Halfway through the third quarter, 2021 is proving to be a good year for the Russian market, both in terms of M&A activity and a frothy IPO market. This uptick in part reflects unleashing the demand pent up over the COVID-19 recession (although Russia continues to struggle with the pandemic), as well as the upturn in global energy prices (given the oil & gas sector continues to lubricate the Russian economy).
On June 15, 2021, Hungary passed legislation that bans the dissemination of content in schools deemed to promote homosexuality and gender change. Dubbed by many as simply the “Anti-LGBTQ+ Law,” it has wide-ranging implications – even leaving social issues / social impact aside. CEE Legal Matters spoke with several Hungarian lawyers to discuss the law’s business implications and the impact it had on law firms’ work.
In the late Summer of 1984, while hanging out in Bucharest one evening, a university friend and I decided (with the help of some local red wine) to go “look for Dracula.” Full of adventure and certainly educational, the experience was not a positive one. Due to the harsh policies of the Ceausescu regime at the time, Romania was a dark place (there were literally few if any lights during the evenings), with little food to eat (even for foreigners like us), and a local population who would rarely, if ever, talk to us (unbeknownst to us at the time, the Romanian secret police, the Securitate, required anyone who had contact with a foreigner to report the interaction – needless to say, this was not conducive to long and meaningful conversations).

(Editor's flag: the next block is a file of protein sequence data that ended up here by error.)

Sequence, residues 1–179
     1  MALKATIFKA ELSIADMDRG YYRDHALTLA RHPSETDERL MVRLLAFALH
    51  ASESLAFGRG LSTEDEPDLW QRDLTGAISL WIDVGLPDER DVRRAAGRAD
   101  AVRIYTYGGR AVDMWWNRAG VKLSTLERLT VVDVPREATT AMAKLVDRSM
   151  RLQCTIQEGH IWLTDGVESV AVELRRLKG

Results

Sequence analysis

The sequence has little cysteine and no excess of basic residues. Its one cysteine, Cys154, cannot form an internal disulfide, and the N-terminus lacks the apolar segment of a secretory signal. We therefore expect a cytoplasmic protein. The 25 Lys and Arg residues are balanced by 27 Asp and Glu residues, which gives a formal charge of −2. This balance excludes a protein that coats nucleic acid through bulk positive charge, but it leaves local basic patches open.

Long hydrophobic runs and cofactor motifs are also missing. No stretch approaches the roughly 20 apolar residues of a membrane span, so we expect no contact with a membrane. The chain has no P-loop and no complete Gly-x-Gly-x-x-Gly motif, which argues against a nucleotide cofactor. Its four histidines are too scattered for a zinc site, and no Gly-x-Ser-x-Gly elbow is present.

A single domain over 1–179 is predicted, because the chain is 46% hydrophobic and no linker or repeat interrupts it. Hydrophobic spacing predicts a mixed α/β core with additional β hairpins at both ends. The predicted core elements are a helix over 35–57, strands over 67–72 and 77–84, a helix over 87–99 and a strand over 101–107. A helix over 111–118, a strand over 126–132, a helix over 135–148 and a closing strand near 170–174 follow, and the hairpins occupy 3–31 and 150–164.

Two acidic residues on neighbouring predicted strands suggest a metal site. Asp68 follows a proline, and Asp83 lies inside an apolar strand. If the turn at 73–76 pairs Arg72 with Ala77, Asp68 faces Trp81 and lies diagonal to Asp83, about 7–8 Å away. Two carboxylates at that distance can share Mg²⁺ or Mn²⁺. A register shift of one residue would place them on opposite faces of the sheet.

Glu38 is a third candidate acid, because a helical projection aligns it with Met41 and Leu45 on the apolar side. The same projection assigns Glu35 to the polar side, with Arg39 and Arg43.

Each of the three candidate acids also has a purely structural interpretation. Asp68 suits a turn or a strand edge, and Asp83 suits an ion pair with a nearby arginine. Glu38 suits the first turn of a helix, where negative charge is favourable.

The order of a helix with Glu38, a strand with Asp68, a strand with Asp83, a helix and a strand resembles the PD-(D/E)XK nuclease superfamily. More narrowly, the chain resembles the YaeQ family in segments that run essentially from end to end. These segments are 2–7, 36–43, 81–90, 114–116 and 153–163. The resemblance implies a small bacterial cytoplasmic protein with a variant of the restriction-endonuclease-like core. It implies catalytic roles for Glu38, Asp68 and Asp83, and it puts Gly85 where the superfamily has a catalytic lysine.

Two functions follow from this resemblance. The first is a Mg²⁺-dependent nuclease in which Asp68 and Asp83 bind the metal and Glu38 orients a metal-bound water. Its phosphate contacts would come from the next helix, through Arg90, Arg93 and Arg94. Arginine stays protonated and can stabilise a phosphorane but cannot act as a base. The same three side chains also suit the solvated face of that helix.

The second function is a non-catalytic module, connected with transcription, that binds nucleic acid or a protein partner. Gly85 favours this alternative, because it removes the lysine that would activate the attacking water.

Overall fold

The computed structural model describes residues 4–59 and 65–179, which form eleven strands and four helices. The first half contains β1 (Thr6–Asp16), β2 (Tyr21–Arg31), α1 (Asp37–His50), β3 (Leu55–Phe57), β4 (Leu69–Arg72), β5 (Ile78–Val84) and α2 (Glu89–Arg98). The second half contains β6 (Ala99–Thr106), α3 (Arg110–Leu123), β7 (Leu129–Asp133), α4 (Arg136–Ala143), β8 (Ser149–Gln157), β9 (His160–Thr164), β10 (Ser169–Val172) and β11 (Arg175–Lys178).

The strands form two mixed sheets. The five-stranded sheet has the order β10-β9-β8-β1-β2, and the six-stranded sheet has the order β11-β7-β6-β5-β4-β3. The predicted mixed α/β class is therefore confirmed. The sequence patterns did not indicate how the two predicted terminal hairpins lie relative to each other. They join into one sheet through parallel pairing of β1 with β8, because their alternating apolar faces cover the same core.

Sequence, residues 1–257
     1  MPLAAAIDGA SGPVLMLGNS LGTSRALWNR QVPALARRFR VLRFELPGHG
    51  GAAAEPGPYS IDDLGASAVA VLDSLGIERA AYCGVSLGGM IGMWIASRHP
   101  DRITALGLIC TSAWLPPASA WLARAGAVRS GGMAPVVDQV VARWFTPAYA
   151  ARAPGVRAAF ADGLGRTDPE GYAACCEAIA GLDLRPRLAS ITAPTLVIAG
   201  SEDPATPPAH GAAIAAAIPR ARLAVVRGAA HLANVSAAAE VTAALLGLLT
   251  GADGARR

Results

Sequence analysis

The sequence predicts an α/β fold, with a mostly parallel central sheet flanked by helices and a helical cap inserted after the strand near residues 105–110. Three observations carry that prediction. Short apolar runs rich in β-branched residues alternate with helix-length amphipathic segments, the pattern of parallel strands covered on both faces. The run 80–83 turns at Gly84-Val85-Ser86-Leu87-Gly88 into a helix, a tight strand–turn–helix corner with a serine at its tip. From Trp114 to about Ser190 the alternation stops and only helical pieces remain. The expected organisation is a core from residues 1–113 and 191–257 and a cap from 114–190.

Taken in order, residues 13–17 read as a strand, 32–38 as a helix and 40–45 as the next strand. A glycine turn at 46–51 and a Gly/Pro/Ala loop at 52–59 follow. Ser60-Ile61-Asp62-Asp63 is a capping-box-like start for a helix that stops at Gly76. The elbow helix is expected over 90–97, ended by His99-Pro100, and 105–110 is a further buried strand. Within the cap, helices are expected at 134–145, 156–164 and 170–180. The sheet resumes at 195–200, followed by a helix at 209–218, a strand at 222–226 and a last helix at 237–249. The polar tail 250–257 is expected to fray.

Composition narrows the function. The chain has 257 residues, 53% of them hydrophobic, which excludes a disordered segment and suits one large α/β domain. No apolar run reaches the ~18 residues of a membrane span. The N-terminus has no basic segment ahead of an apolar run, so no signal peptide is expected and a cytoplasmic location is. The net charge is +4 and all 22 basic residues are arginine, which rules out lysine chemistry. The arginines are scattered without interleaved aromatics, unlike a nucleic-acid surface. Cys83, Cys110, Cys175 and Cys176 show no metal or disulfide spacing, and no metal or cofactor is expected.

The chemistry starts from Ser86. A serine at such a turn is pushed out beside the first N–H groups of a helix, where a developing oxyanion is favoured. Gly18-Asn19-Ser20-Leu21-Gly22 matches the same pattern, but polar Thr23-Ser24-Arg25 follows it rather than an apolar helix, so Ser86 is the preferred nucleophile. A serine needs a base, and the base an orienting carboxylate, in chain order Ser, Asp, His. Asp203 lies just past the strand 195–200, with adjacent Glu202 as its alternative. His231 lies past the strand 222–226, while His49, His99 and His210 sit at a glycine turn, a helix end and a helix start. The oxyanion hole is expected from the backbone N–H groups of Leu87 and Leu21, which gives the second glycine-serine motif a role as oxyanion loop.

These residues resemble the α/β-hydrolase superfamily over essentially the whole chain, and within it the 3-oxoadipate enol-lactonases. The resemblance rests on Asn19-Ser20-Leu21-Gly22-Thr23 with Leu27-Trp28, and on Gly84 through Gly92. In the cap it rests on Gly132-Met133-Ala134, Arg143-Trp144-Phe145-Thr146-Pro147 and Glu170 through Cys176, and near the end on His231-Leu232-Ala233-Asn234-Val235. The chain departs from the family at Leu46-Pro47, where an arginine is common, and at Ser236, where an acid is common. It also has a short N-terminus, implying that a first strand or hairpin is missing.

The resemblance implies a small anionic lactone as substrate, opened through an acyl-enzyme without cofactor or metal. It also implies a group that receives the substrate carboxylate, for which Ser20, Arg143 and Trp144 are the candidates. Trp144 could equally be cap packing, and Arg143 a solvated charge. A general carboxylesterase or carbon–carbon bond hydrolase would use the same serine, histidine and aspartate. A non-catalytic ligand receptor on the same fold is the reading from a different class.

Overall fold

Looking at the past 18 months, as economies across CEE contracted, the technology, media, and telecom sector has been surging. A balancing factor for economies, it helped avoid a deeper recession. For CEE law firms, TMT’s solid performance brought in a steady amount of work, helping polish what might otherwise have been a lackluster year.
Before the democratic changes of 1990 lawyers worked independently but under the supervision of the Minister of Justice. Remunerations were limited, leading to an administrative distribution of work. Lawyers were mainly involved in family and inheritance law, sale-purchase of housing, and cooperative relations.
The Ukrainian legal services market has been buzzing with work in the first half of 2021. CEE Legal Matters hosted a round table conversation in which Partners at Asters, Avellum, Integrites, Kinstellar, and Sayenko Kharenko discussed the driving forces behind the workload and their outlook for the months to come.
The pandemic has been devastating for Ukraine, with underfunded health services struggling to contain COVID-19 contagion. Scenes of hospitals overwhelmed with patients and lacking staff, equipment, and medication will haunt us even as cases drop and vaccinations rise. It has been a traumatic time for our team at the Kyiv Dentons office. We have been working hard to support and guide each other towards the glimmer of light at the end of this long and, at times scary, tunnel.